Speech purpose: entertain
A very common speech purpose is “entertain.” Too often, “corny” replaces “entertainment” as the speech develops. A charming/vivacious/well-known speaker may decide to skip preparing and rehearsing and just “speak off the cuff.” These are known as amateurs.
Mark Twain said in 1879, “I … never could make a good impromptu speech without several hours to prepare it”
Even just responding to an invitation to “say a few words” should involve preparation; you did suspect you might be asked for your views, didn’t you? Celebrities, politicians and professional speakers have a repertoire of brief speeches they can adapt to an occasion, and they often plan their remarks and delivery in detail – just in case. They plan in detail if they’re likely to speak; analysis of occasion, message and audience.
For example, the MC – who’s your boss – knows you have joined Toastmasters. Depending on the time available, she may invite you to say a few words at the company picnic. “Duh, well, unprepared as I am . . .” is a poor opening that reflects poorly on your TM training and education.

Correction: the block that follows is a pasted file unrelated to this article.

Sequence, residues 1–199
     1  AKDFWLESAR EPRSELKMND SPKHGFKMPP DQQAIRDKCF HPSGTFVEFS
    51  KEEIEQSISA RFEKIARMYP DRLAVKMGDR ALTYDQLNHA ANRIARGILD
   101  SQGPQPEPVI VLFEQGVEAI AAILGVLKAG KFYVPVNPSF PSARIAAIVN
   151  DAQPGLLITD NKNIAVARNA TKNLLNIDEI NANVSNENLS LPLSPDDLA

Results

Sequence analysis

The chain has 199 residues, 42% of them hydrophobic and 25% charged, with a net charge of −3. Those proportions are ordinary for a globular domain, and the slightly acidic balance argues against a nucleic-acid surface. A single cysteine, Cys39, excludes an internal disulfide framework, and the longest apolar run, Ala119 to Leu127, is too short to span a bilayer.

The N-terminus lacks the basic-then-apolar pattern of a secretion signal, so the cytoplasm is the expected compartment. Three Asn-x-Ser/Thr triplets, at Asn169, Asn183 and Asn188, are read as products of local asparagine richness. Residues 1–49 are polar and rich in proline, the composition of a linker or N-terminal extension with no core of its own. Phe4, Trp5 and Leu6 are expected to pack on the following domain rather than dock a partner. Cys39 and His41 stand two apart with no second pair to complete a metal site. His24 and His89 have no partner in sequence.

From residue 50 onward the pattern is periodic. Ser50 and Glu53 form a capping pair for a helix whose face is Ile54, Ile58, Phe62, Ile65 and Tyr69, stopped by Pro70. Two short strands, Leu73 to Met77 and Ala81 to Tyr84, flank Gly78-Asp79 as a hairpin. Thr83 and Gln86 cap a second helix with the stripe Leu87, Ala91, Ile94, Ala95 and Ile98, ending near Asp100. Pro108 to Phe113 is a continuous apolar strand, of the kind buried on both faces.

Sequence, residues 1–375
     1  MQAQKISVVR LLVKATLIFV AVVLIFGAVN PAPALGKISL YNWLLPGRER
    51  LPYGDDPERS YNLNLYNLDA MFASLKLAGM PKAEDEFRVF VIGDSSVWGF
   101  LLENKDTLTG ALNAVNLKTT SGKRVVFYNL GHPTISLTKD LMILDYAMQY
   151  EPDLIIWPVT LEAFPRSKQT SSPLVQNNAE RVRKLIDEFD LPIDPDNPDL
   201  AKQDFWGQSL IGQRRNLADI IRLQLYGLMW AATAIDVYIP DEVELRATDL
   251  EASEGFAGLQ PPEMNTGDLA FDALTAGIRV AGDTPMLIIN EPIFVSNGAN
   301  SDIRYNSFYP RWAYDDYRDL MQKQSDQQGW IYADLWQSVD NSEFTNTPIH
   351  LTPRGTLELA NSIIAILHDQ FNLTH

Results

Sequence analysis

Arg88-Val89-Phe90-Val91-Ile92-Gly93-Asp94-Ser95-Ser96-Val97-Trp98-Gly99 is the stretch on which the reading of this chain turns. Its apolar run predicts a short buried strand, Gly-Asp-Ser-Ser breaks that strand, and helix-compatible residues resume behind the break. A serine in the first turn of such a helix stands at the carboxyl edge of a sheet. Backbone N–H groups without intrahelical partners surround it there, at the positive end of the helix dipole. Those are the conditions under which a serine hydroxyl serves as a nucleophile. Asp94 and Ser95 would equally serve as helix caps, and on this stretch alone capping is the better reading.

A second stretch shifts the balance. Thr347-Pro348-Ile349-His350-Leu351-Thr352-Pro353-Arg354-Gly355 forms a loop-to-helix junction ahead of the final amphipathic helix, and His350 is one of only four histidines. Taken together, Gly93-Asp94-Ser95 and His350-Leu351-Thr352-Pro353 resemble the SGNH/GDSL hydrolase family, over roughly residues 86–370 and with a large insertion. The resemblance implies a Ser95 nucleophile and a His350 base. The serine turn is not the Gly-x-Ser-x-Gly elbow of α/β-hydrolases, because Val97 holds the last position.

Before the party we can prepare a couple of 3 – 5 minute talks that address issues likely to be pertinent to the audience and occasion. For example, remarks about your division’s successful project, another presentation about the importance of celebrating with those you love and those you work with would be a good idea. Finally, maybe some remarks about the people who are “doing the heavy work” like the clerks, drivers or coders.
Each presentation can be roughed out, with good openings and closings crafted. If you’re called to speak, you can take a deep breath and launch an opening confident that you know where you’re going and have a killer closing. If you’re not mentioned, you’ve had a little practice preparing talks. Being prepared to speak is a win-win situation.
Ad-libbing insider stories or stammering about what a “great company this is” won’t get you any recognition as a speaker. It doesn’t matter if you’ve been a Toastmaster for six months or six years – really, nobody cares how long you’ve been doing it. But being prepared is easy.
A good story to open, two or three main ideas, a closing that ties it all together – you’ve entertained the audience, impressed the boss and practiced your Toastmasters skills.
Preparation beats charisma almost every time – and short is better. (Remember that Lincoln spoke for only two minutes. We remember the Gettysburg address.)